Maximum Effort and Accountability
Author: Diana Shellenberger
And will not God bring about justice for his chosen ones, who cry out to him day and night? Will he keep putting them off? I tell you, he will see that they get justice, and quickly. However, when the Son of Man comes, will he find faith on earth?”—Luke 18:7-8
I began writing this reflection speculating about how this time of pandemic and racial and economic injustice may be remembered, and I may finish it another time. With the shooting of Jacob Blake in Wisconsin, the vigilante murders of protesters there and the NBA players’ boycott of the playoffs, the story is even more fast-moving and complicated and the outcome more uncertain.
Nearly 80 percent of NBA players and 70 percent of NFL players are African-American. That they are rewarded with huge salaries is beside the point when every day, law enforcement is hassling, wounding and killing men and women who look like them. In a country where punishment rather than reconciliation passes as justice, the players are using the leverage of their strength in numbers at exactly the right moment. And not just at the right time, but with the right message. The Milwaukee Bucks’ extraordinary statement is here at https://www.nba.com/article/2020/08/26/milwaukee-bucks-players-statement-following-boycott-game-5. I want to highlight one part of their remarks, because it reflects the faithful calls for justice long-denied Jesus is speaking about.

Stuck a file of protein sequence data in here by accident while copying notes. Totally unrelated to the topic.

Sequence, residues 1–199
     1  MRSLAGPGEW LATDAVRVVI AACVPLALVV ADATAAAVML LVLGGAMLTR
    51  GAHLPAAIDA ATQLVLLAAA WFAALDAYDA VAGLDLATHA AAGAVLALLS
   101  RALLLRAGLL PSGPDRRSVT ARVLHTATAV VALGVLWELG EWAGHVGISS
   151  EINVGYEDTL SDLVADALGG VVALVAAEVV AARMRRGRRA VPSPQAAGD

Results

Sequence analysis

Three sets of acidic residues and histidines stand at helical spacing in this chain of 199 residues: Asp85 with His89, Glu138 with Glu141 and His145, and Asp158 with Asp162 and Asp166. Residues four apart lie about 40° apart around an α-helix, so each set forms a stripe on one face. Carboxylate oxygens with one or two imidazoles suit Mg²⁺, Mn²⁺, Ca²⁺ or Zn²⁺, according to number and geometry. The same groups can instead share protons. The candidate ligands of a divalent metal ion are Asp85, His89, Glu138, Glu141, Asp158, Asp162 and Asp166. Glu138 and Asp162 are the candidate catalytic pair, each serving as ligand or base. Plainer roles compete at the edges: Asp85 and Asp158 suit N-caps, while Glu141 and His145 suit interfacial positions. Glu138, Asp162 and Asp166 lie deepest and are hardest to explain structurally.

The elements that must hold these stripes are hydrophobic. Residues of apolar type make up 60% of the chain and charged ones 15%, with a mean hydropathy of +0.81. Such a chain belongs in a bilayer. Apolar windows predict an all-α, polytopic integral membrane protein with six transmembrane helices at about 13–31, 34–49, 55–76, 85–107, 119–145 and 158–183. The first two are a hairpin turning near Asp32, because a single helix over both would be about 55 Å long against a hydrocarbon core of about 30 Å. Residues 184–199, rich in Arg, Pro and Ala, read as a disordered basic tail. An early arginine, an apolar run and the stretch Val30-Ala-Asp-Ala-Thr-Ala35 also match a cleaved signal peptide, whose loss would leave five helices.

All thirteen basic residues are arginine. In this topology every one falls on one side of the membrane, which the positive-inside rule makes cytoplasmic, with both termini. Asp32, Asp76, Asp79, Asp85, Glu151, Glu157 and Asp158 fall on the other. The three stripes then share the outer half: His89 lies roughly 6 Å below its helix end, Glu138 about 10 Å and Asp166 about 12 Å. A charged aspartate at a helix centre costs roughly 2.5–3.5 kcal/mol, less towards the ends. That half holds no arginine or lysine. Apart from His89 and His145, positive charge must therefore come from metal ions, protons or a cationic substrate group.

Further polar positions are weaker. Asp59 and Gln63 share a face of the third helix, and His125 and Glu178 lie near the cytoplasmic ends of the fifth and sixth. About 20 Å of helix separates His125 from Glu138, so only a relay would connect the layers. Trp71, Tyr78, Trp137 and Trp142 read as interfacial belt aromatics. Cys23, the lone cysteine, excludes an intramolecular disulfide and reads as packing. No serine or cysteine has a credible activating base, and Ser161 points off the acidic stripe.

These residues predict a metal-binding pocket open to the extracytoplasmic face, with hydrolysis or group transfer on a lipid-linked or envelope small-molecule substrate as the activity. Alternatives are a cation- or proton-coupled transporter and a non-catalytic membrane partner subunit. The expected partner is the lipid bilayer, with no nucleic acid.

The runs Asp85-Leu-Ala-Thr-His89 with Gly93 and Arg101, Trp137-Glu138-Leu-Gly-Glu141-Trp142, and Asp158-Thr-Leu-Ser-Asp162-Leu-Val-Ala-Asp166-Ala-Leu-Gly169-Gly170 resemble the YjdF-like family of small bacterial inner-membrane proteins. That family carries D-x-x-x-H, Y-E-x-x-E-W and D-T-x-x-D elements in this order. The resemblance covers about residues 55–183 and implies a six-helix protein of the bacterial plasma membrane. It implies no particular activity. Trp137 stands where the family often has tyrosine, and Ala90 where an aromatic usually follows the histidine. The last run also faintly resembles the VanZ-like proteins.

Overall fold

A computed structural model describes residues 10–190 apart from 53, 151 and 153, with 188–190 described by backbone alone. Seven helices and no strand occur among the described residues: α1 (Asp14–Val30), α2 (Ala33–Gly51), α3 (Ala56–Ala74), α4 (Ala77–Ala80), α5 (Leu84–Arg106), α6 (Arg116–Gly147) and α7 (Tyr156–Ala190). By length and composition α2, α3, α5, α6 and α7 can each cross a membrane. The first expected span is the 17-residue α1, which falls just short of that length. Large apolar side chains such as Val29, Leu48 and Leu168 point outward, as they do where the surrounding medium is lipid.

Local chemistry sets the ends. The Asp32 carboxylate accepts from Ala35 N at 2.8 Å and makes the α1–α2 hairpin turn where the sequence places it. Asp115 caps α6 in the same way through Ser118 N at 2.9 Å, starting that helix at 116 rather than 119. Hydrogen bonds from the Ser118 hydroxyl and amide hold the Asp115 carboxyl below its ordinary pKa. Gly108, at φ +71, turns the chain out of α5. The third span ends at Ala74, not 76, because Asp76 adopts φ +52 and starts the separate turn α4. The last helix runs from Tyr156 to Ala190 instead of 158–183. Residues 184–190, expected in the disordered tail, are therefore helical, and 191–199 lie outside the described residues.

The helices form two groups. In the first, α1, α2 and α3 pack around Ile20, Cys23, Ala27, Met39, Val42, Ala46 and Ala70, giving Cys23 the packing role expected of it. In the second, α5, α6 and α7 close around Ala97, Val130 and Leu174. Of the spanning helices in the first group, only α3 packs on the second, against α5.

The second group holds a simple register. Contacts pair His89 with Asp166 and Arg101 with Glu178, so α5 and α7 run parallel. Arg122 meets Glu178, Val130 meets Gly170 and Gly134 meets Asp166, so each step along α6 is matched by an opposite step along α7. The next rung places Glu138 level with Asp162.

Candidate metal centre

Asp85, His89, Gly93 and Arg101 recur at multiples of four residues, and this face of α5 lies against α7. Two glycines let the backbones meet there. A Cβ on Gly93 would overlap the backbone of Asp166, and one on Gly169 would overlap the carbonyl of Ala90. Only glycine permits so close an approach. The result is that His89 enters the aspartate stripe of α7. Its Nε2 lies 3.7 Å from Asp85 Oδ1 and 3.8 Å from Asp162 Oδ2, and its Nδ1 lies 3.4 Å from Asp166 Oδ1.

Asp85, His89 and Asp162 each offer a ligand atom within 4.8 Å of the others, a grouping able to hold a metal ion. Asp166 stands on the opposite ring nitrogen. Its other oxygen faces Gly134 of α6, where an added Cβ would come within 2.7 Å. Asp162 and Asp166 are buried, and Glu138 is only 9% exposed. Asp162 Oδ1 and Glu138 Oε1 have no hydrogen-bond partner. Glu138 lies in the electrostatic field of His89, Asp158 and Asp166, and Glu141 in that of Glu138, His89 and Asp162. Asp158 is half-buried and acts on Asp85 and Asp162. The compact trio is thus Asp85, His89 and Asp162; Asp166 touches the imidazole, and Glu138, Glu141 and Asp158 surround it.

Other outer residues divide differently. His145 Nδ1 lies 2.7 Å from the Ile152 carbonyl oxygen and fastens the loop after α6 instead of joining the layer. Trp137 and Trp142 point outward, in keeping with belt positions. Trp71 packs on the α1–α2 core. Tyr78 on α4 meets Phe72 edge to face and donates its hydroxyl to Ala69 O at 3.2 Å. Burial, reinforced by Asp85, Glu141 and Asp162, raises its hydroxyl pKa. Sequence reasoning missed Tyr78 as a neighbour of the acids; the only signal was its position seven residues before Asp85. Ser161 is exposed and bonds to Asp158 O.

“When we take the court and represent Milwaukee and Wisconsin, we are expected to play at a high level, give maximum effort and hold each other accountable. We hold ourselves to that standard, and in this moment, we are demanding the same from our lawmakers and law enforcement.”
Their statement goes to the heart of what is needed to heal the country’s racism. They ask for it not at the business end of the barrel of a long rifle, but in sportswear and wearing masks. All Americans of good faith must give maximum effort and hold each other accountable. Our country has a lot of challenges, and how we treat each other at the worst of times is at the heart of them all. The time is ripe to reckon with the country’s 400-year history of racism. I know I want this time to be remembered as the time when justice long delayed becomes justice, if not fulfilled, then justice ongoing.